New Year’s resolutions seem to be just another thing that I don’t have the time or energy for any more. I know, generally, what I want to be like and what I want to get done, and I’ll get to it when I can.
So I wan’t interested in doing a resolution post this year, but I am sort-of interested in taking stock, in a totally non-crunchy way. This was one of those ‘learning’ years. Years in which a bunch of stuff blindsides you and you have to pick yourself up, dust yourself off, take stock of what was broken and what wasn’t, and move on.
I made one big decision and had one big realization this year. The decision was to start teaching as a career, and to be clear, that came first. I’ve thought about teaching lots of times, and it was why I entered into a Master’s program in the first place, though I lost track of that goal very early on. When I took a short gig scoring standardized tests, there were a lot of things about that weird job that felt very right. The first thing you have to do before scoring the tests (I was scoring a 10th grade writing assessment) is learn the material on which the students were being tested. This couldn’t have made me feel more at home, for it was a lot like school. Then you had to learn how to internalize a rubric to score all the tests by the same criteria. This was more challenging than I thought it would be, and though I don’t think any rubric, especially one for a standardized test, is flawless, it was a worthy challenge. Finally, I had the chance to read really good papers, middle-of-the-road-papers, and bad papers, and in each case, I was sorry I couldn’t offer feedback to the kids. So this very short, very bizarre experience sent me walking back down the career education path.
The realization came much later. You could call it an epiphany, if you really wanted. After Shaun was laid off, we both sent out a flurry of resumes. I figured I’d be the first one to land a job, because I have a resume that lends itself to different fields and I talk a good talk in an interview. Plus, I didn’t need a career-type job the way he did, I just needed to earn some cash. I knew the job I found wasn’t a forever job and I knew that it was a somewhat boring job. I didn’t know I was walking into a complete and total disaster. I’ve had a few disaster jobs throughout my career, ones I hated and that didn’t last long. In each case, the job was very different than advertised, and the company was batshit insane. These dread-inducing jobs – I thought I’d seen the last of those. I thought they were a vestige of my younger, more vulnerable days. How on Earth did I get here, I wondered. Did I miss the warning signs out of fear of the flophouse, or was the employer that dishonest? A little fear, a lot of dishonesty. However, that’s when it occurred to me that there does not exist a job within the private sector that I would like. I’m not built for business. I’m an academic. I always have been and I always will be. And since I can’t afford to stay in school forever, that really leaves me one other option. Teaching.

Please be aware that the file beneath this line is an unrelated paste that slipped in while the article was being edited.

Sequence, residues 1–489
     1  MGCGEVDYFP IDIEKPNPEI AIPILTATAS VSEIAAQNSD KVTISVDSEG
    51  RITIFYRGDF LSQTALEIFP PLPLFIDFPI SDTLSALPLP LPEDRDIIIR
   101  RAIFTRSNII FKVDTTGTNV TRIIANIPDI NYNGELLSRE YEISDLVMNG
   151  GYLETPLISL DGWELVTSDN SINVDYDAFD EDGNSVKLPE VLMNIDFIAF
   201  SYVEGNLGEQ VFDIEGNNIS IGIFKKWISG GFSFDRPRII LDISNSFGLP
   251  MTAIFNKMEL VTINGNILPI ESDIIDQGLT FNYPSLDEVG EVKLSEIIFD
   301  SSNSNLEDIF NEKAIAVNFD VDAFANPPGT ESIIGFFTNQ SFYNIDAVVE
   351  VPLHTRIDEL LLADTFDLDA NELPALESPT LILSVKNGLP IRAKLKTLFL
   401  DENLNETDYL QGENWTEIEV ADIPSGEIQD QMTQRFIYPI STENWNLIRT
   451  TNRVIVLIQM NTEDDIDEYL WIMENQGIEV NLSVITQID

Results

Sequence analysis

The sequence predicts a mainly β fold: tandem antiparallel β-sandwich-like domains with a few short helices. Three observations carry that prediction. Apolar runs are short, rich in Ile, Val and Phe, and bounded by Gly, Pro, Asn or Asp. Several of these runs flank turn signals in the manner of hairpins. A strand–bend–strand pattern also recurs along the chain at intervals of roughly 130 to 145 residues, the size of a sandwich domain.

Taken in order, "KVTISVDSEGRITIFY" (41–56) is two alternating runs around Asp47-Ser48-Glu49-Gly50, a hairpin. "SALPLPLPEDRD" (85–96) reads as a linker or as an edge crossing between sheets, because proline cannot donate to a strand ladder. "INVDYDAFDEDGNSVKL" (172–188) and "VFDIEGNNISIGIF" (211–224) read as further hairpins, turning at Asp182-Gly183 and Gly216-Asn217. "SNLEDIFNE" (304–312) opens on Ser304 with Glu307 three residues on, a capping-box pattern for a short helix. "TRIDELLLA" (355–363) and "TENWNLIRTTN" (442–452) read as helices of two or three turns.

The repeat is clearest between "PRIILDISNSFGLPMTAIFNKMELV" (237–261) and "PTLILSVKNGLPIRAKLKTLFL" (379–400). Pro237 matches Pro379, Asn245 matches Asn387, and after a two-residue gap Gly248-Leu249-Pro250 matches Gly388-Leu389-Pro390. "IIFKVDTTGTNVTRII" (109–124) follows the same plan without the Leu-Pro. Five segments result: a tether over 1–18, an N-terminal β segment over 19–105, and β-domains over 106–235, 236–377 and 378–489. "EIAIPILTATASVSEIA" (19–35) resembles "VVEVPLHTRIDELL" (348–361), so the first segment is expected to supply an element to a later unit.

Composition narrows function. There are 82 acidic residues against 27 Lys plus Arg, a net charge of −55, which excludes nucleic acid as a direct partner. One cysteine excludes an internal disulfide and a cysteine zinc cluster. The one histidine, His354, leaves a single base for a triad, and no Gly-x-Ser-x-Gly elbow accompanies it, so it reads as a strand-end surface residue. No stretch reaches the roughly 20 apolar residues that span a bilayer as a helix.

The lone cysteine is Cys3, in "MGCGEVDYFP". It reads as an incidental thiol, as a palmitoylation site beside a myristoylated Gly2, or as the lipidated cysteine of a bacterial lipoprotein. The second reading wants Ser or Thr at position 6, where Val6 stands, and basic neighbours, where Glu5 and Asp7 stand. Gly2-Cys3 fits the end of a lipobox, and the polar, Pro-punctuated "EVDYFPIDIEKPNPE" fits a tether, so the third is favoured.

And so I begin 2015 happily unemployed and returning to school, briefly, to obtain an ESL (English as a Second Language) certificate. That plus my Master’s degree should land me a job in community college. When I was looking for a teaching job this summer, without any actual teaching experience, I had several people suggest getting certified in ESL, and I sort of half-listened. But the more the idea bounced around in my head, the more it started to make sense. Hey, you know what you’re really good at, self? English. Hey, you know what you really enjoyed in college (outside of music), self? Learning a foreign language and linguistics. So I like the idea as a foray into teaching, that can then be leveraged into teaching other subjects, if I so choose.
The reflection part comes in that I don’t know if I would’ve come to this conclusion so quickly, and acted so quickly, if I wasn’t so miserable. I thought, after the gig this summer, that I would leisurely look for a teaching job and find just the right thing. Obviously that idea flew out the window and all of the unhappiness led to some fast and furious introspection. Misery is a breeding ground for introspection, which is why artists are so frequently miserable. Not that I wouldn’t like to be a great artist, but I am just so tired of being miserable.
I am really excited about all that I have planned for 2015. I don’t know why I kept straying off the education path. And I can only hope that I’ve called my calling correctly. I take refuge in a comment from a friend, “I definitely see you in a teaching role. In fact, now that you mentioned it, I can’t see you any other way.”
Neither can I. And that gives me a great deal of hope.